Nigeria’s malnourished children

THE United Nations Children’s Fund (UNICEF) recently came out with grim statistics about the state of Nigerian children whose future has been compromised on account of poor nutrition. According to it, Kaduna State is worst hit with 1.6 million malnourished children. UNICEF’s nutrition specialist, Dr Florence Oni, disclosed this while presenting the nutrition intervention scorecard during a 2016 mid-year review meeting in Kaduna. She said that half of the children under five years who were suffering from one form of malnutrition or the other had died in the state.

“Currently, over 900,000 children representing 57 percent of children in the state are stunted, meaning six out of every 10 children in the state are stunted due to malnutrition. Also, over 750,000 children are wasted, which implies that 47 percent of the children are suffering from Severe Acute Malnutrition (SAM) and are ten times more likely to die.”

These are dismal and disconcerting figures from an authoritative and professional source, showing clearly that these stunted children have a compromised future. Worse still, stunted children may not benefit from the liberal policies made to improve their lot. For instance, they are not likely to learn very quickly and well like their well fed counterparts. Care must therefore be taken to ensure that these figures do not relate directly to the number of future tramps and homeless people in the national population.

The good news is that, according to Dr Florence Oni, the Kaduna State government is already doing something about the situation, including releasing about N37 million to treat 3,060 children, while the UNICEF had equally supported the government with the same amount of money to treat an additional 3,060 children, making a total of 6,120 children to be rescued from the jaws of imminent death.

Unfortunately, this is only a drop of water on a hot plate in terms of impact on the 1.6 million children waiting to be rescued because relief has only come to a very poor fraction of the afflicted. Sadly, vital statistics on the country like the rate of unemployment, inflation and cost of living, not to say standard of living, affirm this reprehensible trend. Arguably, the parents of these malnourished children are from the over 100 million Nigerians that are living below the poverty line amidst the obscene opulence fuelled by ill-gotten wealth of the few rich. If the UNICEF figures are right, the country is fast replacing its demography with a poorer quality of succeeding generation that may not be fit for global competition.Without doubt, an emergency intervention is called for to reverse this ugly trend.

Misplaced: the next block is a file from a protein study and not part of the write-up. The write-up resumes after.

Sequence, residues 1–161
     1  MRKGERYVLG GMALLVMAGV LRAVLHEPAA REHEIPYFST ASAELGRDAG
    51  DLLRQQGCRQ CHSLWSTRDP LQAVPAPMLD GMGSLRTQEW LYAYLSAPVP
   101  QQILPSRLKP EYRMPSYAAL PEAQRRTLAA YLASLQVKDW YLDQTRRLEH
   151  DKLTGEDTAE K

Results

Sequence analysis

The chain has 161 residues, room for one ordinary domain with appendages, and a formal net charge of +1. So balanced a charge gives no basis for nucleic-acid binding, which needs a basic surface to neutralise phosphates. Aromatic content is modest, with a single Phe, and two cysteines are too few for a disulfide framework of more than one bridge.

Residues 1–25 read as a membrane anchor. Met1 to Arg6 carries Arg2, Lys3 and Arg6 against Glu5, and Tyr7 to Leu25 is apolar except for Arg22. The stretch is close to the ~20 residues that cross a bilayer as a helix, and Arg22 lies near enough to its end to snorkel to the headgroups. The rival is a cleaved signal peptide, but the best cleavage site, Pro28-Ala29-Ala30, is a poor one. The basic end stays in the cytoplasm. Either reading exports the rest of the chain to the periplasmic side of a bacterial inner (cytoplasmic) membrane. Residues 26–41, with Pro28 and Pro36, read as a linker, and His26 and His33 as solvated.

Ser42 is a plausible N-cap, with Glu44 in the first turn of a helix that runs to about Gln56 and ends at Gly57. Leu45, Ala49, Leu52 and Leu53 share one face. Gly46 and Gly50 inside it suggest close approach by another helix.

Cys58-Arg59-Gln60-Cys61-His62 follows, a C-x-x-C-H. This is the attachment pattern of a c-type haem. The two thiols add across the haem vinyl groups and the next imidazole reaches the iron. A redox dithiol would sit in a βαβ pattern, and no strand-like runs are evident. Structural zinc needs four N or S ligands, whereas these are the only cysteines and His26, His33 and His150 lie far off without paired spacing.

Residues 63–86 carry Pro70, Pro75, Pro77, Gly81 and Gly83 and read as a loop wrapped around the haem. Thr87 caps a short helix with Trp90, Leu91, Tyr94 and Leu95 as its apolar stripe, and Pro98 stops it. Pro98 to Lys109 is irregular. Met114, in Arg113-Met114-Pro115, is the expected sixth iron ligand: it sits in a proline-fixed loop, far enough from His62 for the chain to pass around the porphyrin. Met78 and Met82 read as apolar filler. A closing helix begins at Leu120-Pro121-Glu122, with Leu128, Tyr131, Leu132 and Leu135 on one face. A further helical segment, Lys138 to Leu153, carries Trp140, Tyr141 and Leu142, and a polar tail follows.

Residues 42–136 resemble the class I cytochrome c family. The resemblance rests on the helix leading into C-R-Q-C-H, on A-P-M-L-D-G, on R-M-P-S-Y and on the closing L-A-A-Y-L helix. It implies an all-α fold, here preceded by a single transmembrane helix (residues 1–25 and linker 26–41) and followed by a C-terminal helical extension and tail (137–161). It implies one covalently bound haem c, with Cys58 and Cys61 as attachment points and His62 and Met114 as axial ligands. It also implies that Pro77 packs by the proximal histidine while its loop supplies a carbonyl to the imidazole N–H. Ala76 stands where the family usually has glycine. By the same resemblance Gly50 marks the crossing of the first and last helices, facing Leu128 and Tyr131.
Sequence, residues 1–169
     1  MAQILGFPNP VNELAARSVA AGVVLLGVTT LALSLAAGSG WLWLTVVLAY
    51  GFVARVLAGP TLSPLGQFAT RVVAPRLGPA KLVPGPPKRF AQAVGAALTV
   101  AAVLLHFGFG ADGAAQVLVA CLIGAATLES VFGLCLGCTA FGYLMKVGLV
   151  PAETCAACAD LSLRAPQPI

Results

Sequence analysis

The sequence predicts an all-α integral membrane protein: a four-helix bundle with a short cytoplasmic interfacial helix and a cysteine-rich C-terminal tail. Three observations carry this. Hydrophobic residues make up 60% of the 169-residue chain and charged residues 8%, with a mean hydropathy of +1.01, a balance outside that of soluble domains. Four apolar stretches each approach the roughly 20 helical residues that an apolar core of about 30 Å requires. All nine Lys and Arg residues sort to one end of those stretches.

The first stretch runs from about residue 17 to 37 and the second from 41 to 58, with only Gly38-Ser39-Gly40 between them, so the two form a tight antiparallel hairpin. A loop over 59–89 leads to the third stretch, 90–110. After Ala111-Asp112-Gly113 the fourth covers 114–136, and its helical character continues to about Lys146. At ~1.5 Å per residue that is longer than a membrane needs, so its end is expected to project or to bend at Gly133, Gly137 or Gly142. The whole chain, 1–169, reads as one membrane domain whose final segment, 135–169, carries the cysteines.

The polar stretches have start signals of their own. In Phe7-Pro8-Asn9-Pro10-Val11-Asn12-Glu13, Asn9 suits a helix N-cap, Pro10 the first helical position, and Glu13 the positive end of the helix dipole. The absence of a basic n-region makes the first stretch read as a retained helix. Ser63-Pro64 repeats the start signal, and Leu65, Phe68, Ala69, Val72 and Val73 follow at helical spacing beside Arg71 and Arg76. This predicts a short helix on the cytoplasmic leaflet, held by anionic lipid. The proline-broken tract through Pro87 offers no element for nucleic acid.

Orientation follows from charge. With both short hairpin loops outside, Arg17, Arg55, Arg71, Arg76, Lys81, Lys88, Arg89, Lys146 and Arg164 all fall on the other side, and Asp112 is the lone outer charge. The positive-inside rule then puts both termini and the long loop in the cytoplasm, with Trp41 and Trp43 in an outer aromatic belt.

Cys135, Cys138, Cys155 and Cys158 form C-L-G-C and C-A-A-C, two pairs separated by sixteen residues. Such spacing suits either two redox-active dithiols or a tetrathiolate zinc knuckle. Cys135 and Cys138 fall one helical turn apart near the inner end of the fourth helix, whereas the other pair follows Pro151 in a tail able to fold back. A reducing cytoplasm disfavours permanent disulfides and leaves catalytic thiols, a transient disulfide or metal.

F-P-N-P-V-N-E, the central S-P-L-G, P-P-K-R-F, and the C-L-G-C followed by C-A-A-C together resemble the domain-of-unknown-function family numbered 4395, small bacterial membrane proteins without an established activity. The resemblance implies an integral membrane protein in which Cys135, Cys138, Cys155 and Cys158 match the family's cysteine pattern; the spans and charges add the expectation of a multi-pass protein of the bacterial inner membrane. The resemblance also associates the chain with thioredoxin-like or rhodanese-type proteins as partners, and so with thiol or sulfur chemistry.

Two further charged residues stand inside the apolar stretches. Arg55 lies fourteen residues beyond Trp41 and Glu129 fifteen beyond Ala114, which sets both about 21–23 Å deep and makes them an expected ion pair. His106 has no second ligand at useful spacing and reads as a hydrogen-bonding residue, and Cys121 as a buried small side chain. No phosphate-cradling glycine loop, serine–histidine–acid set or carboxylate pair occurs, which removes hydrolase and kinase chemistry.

The intervention must indeed be immediate and professional in terms of relief materials, especially the quality and quantity of food that will affect the vulnerable victims of the country’s despicable contradictions. The government must put forth a plan that will ensure an equitable distribution of  relief materials amongst them so that it can measure the impact of the intervention programme. If such an intervention is sustained, the severity of the trend can actually be mitigated or reversed completely. The declaration by the UNICEF tells governments at all levels that there is a desperate need to review their policies and take the duty of improving lives more seriously.

Although the people may not fall in line on account of their fatalistic religious beliefs, government at all levels must embark on awareness campaigns and public education on the folly of siring children without being able to cater for them adequately. It seems obvious that a malnourished society is robbed of its potential for growth and development.

In nature, dynamic entities like societies are never given the option of stagnation. They either progress or retrogress and any delay in the emergency intervention is a vote for retrogression.